A blowout, most likely caused by animals and then people walking up and down, can be seen on the face of this dune. The park service placed signs at the entrance of these trails to discourage people from walking up them, thereby keeping the dune from eroding. I think people will simply ignore them.
If visitors would stay on those paths, erosion would be kept to a minimum. Instead, now they will walk around the signs, on the Marram grass, killing it, creating more bare spots leading to additional erosion.
I think naturalists in general are stepping over a dollar to pick up a penny, trying to stop the natural processes that would occur anyway - with or without humans. The wind and water erode far more sand than the people walking on these paths. They can't stop nature, so they seem to try to stop anything they can - at the expense of the visitor. A few thousand years ago, this area was under a larger and deeper lake. The lake drained quite a bit- not the fault of humans. A few thousand before that, this area was covered in ice. The ice melted - not the fault of humans. Could man have prevented those massive changes?
We can't - and shouldn't - stop everything perceived as radical change in the environment. Certainly we should stop misuse, and try to preserve the natural environment, by not intentionally destroying it. I'm all about saving the dunes -I've been involved in the replanting of Marram grass on Mt. Baldy to slow the erosion by wind. But, in the past several years, I've witnessed the collapse of the windward face of several dunes here between Mt. Baldy and Central Beach. This was caused by waves, not by people walking on the dunes. Grass, shrubs and trees were all in place until the waves undermined the dune, their roots couldn't fight the power of the water.
They might as well build a 6 foot tall, concrete seawall along the entire shore to keep the waves from washing away the dunes - that's the real problem. Since the lighthouse and pier were built at the mouth of Trail Creek, the beaches downwind have suffered. Let's solve that man-made problem first. There are several proposals to replenish the sand of this starving beach; perhaps if they're implemented, people will once again be able to walk up and down the dunes.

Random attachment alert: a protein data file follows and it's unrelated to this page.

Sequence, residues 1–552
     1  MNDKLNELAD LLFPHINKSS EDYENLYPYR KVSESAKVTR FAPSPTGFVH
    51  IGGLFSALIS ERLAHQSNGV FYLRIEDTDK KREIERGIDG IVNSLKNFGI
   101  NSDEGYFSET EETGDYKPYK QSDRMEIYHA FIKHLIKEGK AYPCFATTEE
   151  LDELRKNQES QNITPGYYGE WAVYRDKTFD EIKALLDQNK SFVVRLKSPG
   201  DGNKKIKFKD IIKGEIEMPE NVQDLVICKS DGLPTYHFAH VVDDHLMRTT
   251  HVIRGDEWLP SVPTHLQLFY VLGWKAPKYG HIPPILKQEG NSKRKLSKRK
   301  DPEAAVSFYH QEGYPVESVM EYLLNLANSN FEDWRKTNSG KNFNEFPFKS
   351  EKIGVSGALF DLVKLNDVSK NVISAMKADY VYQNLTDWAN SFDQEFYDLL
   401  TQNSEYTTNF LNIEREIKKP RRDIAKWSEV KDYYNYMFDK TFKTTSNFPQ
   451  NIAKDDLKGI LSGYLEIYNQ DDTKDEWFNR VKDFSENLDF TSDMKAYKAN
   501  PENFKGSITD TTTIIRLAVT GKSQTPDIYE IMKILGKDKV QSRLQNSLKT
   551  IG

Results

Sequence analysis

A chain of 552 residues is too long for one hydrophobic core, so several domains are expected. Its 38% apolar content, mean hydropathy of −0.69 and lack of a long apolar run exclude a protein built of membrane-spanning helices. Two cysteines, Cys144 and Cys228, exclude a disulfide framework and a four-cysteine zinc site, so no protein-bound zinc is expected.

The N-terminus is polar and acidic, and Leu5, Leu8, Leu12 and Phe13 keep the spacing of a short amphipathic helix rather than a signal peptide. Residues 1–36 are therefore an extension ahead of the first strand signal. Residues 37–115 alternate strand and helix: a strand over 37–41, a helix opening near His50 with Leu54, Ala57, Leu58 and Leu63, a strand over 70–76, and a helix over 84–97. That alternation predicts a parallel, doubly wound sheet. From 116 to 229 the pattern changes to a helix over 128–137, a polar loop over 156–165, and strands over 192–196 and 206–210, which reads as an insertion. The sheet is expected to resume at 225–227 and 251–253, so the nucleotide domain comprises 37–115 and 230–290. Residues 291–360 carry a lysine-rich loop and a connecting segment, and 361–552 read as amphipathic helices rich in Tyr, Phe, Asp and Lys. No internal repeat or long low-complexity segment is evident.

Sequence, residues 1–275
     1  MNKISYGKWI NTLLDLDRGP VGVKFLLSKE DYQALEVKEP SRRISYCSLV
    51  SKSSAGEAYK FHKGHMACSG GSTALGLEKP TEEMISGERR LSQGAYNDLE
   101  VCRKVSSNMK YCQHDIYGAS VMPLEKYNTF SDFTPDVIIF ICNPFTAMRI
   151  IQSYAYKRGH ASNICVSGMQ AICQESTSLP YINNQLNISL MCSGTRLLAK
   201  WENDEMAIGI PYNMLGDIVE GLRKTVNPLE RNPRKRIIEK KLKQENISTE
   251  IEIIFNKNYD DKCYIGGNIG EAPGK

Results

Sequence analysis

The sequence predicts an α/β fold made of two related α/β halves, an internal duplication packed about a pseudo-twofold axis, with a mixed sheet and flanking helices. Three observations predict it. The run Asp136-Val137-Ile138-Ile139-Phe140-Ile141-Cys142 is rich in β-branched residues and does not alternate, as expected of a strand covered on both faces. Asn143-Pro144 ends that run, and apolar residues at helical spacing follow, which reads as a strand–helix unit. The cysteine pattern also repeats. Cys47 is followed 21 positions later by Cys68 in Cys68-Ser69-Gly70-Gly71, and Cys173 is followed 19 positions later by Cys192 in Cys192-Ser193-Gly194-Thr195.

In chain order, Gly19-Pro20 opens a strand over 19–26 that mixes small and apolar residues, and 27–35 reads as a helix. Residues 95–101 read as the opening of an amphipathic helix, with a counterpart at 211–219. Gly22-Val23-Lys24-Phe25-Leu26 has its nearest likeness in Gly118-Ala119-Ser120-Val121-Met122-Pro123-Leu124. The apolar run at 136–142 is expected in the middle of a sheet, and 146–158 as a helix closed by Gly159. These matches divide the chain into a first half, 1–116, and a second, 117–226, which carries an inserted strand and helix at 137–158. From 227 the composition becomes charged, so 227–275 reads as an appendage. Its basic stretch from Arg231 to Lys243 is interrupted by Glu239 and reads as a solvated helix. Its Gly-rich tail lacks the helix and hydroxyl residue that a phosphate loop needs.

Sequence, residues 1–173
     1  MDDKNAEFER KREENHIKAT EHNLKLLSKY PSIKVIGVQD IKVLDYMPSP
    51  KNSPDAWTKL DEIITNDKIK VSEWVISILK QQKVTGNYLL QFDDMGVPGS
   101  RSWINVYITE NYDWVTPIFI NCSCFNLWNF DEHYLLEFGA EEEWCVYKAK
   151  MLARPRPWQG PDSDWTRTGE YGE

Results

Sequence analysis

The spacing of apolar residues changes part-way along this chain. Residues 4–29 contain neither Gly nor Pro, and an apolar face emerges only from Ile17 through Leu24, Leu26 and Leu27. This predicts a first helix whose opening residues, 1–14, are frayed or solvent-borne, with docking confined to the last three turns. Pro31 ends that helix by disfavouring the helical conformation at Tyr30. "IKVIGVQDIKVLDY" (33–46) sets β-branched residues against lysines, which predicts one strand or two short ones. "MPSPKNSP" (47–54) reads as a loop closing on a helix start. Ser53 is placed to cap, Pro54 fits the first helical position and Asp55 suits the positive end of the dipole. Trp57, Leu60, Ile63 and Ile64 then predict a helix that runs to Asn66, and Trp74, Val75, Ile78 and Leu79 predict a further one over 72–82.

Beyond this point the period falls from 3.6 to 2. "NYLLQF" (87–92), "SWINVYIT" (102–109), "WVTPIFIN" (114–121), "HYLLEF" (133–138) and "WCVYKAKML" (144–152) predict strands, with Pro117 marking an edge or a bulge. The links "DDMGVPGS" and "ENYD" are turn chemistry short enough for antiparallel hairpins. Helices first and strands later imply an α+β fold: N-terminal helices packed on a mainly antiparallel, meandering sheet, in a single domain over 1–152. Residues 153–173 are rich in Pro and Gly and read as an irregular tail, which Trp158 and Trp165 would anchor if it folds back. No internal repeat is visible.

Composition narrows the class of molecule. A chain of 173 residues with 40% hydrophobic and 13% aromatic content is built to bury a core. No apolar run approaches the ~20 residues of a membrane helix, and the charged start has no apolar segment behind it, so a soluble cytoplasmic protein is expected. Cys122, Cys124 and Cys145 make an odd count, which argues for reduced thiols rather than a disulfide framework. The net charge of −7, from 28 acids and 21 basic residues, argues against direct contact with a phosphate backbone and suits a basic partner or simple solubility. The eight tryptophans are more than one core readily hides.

The earth isn't stagnant, it changes everyday. Certainly we should prevent people from damaging the environment, but it seems to be taken to extremes these days - the thinking is that people cause almost every environmental change, and people must stop it. The sooner we focus our energy toward preventing what we can prevent, and allowing what naturally occurs to occur, the better the environment will be.
Perhaps someone should have reinforced the banks of the Colorado River a few million years ago, to prevent all that erosion we now call the Grand Canyon. That huge hole in the ground could have been prevented if only people were there to stop it. And if only we could have kept people off of the mountains of Utah, a few million years ago, the mountains would still be here today. Instead, we're left with those stone buttes located in Arches National Park. Oh wait... people weren't around back then.......... then how did all of this happen?
Posted by Tom Gill at Monday, April 08, 2013